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336 pages, Hardcover
First published February 23, 2016
I don’t count how many trees we pass because I don’t count the things that don’t matter. I don’t count unripe pods. I don’t count how many times I’ve been hit for being under quota. I don’t count how many days it’s been since I’ve given up hope of going home.
“A lot of bad things happened to us . . . Just because you were there when they happened doesn’t mean they’re your fault.”
It hurts too much to think that, after all this work, there may be some journeys that you just never come all the way home from.
There are thousands of kids like us, working across the country to make a sweet for rich kids in other places. Thousands. It’s a number that matters so much I can’t wrap my mind around it.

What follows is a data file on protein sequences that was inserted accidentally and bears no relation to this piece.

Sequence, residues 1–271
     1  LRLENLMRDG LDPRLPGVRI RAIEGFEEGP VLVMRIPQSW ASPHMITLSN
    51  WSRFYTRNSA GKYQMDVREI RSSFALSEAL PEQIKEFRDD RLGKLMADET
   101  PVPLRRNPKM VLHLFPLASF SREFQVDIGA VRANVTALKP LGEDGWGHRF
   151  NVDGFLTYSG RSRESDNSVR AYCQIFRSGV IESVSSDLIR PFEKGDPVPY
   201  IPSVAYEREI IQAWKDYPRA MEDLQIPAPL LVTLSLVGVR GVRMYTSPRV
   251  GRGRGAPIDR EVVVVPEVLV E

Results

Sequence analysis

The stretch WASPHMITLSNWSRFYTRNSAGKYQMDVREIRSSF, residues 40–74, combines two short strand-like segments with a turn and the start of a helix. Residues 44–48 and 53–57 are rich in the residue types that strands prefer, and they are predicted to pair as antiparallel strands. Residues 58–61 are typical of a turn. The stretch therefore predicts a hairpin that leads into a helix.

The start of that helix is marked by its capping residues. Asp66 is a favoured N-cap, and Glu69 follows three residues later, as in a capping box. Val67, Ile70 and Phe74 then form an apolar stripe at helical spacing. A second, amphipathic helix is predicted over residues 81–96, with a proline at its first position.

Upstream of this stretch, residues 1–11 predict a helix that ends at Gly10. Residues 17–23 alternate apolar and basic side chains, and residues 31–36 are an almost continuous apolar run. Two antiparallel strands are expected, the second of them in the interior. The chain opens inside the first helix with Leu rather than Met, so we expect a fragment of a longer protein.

It's a disaster. A deep, jagged-edged gash slices down Seydou's forearm, biting through the base of his hand. I see the pulp and meat of his arm and a white thing lurking in the red of his wrist that might be bone. When Moussa pinches the two edges of skin together, blood pours out of the sides...
...I can't imagine living here that long."
I consider that for a moment.
"The bus drivers in Sikasso told us it would just be for a season, also," I say finally. "We didn't come here thinking we'd live here this long either.
"I hate it here too," I admit. "But the faster you get used to it, the better you'll be. You've seen what happens when you try to run away. They catch you and bring you back."
"It was a joke," I say coldly, masking my disappointment. "I wouldn't expect help from someone as selfish as you."
Tears hit my hand and I glance up at her. Her eyes are dry.